Phoney war in Council
In Council, new Governments in Spain and Italy are likely to swing the balance of power towards the coalition of nine member states, led by France, favouring a 40% reduction; these countries are likely to be joined by other smaller nations without auto-industries during the forthcoming Environment Council. The opposition camp is currently led by a block of carmakers best friends (Czech Republic, Slovakia, Hungary and Romania) with the latter holding the presidency if the trilogues extend into 2019.
German Ministries are still fighting amongst themselves but the new environment minister has clearly understood that Germany will struggle that to achieve its domestic 40-42% target for 2030 transport emissions reductions, and suggests a 50% reduction in 2030, 25% in 2025 and and a binding 25% benchmark for low and zero emission vehicles in 2025 paired with a malus for carmaker underachieving their sales targets. This is a more ambitious goal than the Commission proposed, that she will need to defend to her economics and transport colleagues.
There are also worries that European carmakers are investing preferentially in China rather than Europe, notably VW that recently committed €15 billion.
The closeness between German politics and carmakers has been disrupted by recent scandals. Germany needs to speed up its decision making. Its inability to form an opinion in time was the main reason for its late and highly contentious intervention to block a trilogue agreement on the 2020 target that eventually led to a one year extension. If they don’t make a decision soon they will be playing catch up again! Decisions in the Chancellery will undoubtedly have a huge influence on the final outcome of this regulation.
The Council debate is likely to focus on the targets and with blocking minorities both in favour of and against higher 2030 reductions. It may be that Council is unable to make a decision and instead propose a range for 2030 with the review to agree the exact target in 2022 along with that for trucks.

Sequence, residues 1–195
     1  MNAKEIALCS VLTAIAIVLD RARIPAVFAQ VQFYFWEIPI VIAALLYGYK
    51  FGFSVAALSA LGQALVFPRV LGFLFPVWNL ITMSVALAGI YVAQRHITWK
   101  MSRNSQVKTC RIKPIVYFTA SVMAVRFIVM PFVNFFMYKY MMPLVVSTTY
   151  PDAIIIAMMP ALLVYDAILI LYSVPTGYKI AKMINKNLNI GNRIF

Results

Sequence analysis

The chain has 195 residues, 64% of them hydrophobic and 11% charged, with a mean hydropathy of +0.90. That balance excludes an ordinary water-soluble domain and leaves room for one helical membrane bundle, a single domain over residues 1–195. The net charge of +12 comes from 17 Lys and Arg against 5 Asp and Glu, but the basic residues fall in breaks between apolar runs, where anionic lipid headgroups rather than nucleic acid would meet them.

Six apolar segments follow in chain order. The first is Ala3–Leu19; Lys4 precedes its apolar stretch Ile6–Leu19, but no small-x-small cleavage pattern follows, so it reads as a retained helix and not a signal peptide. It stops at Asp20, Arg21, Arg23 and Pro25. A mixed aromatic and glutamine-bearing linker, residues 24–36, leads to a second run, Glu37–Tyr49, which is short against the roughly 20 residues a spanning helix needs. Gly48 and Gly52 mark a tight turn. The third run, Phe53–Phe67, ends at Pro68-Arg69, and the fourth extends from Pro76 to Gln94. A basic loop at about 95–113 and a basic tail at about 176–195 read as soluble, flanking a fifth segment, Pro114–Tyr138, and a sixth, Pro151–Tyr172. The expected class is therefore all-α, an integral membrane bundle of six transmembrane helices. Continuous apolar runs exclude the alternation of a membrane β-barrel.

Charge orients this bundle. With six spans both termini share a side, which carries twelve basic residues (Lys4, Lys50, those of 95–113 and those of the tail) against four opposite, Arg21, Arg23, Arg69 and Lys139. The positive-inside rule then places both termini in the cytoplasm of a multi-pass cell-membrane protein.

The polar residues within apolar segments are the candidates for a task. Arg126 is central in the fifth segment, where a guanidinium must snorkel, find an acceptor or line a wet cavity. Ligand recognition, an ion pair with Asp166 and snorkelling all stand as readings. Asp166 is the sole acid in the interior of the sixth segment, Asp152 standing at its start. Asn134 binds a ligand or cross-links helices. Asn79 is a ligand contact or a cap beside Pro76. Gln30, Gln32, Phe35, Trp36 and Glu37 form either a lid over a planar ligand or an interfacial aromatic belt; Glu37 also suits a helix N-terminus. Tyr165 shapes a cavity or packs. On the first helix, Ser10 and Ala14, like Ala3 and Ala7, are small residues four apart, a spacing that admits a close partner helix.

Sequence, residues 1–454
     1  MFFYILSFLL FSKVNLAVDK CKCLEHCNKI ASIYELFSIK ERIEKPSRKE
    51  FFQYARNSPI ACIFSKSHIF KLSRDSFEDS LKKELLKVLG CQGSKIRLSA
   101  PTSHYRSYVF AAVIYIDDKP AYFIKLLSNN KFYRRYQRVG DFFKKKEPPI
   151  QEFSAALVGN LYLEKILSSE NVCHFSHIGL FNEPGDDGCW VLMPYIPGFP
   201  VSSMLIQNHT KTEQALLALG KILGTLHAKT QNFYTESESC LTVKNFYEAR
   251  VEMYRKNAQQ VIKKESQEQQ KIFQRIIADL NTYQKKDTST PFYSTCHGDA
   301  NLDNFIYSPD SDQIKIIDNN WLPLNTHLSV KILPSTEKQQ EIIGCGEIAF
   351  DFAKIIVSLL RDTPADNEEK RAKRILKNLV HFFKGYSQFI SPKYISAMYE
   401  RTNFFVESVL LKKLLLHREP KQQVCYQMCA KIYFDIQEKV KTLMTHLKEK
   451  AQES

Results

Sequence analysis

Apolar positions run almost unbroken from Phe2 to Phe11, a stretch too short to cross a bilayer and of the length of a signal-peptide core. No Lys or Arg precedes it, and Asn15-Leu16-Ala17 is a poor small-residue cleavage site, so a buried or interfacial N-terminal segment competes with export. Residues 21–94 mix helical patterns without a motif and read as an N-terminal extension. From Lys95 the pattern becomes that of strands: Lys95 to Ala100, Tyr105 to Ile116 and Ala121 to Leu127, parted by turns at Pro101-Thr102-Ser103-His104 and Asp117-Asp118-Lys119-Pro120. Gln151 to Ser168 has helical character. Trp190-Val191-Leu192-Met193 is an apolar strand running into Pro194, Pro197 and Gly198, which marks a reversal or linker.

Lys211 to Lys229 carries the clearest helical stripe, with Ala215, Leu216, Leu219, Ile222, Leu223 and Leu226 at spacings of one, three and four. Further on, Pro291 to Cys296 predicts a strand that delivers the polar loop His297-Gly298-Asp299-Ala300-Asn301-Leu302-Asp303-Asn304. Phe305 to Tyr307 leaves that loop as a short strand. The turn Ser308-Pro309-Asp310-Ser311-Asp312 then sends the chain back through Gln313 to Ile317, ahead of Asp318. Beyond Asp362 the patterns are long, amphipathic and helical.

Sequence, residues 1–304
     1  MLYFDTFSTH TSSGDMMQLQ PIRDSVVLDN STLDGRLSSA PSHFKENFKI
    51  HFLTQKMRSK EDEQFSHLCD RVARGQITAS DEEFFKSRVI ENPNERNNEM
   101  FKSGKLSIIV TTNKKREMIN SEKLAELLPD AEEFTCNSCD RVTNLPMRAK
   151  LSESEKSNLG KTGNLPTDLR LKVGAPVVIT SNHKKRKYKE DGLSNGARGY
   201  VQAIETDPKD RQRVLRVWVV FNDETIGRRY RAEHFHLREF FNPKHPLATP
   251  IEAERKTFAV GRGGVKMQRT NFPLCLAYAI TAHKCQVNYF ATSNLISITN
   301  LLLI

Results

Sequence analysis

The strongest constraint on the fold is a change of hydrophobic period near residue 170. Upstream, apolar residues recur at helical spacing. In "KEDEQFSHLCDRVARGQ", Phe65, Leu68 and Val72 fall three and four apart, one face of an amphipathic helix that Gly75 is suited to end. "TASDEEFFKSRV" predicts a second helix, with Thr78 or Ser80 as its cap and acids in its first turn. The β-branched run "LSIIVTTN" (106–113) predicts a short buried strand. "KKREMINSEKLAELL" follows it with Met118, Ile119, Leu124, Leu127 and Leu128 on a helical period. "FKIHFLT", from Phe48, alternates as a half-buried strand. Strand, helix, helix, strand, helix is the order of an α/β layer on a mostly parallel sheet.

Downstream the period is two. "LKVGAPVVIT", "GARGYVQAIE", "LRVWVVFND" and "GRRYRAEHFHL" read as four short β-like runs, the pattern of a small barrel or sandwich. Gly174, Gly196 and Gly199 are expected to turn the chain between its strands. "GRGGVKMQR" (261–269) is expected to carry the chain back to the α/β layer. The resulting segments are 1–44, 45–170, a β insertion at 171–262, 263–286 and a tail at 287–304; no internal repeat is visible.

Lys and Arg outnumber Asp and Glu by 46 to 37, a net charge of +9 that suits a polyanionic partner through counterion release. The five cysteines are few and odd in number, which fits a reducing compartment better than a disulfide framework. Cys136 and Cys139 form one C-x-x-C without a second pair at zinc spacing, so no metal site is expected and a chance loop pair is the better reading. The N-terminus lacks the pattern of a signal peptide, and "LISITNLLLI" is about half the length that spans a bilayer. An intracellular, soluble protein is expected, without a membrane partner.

This would also enable the industry to evaluate the take-up of electric cars, and for more ambitious goals to be proposed if the market takes off and sufficient recharging points are put in place.
The risks of trench warfare
Historically, Commission proposals were weakened rather than strengthened in co-decision, but recently decisions on the Emissions Trading Scheme (ETS), Effort Sharing, energy efficiency and renewables have all been strengthened.
This regulation seems another in which the Commission appears to have misjudged the ambitious of co-legislators. But the three institutions will have a tricky job concluding this contentious legislation before MEPs and the Commission are renewed. With Parliament elections looming in summer 2019 the decision will need to be concluded in early 2019 to avoid a long and frustrating delay which would create uncertainty for Europe’s automotive industry.
The Commission is already agitating for a quick decision. Following the original proposal, T&E acknowledged it was a goal down at half-time. But with a constructive Rapporteur and changing dynamics in Council, progressives have undoubtedly equalised early in the second half. Whether either side can secure a decisive strike in 90 minutes remains to be seen – but extra time and penalties need to be avoided!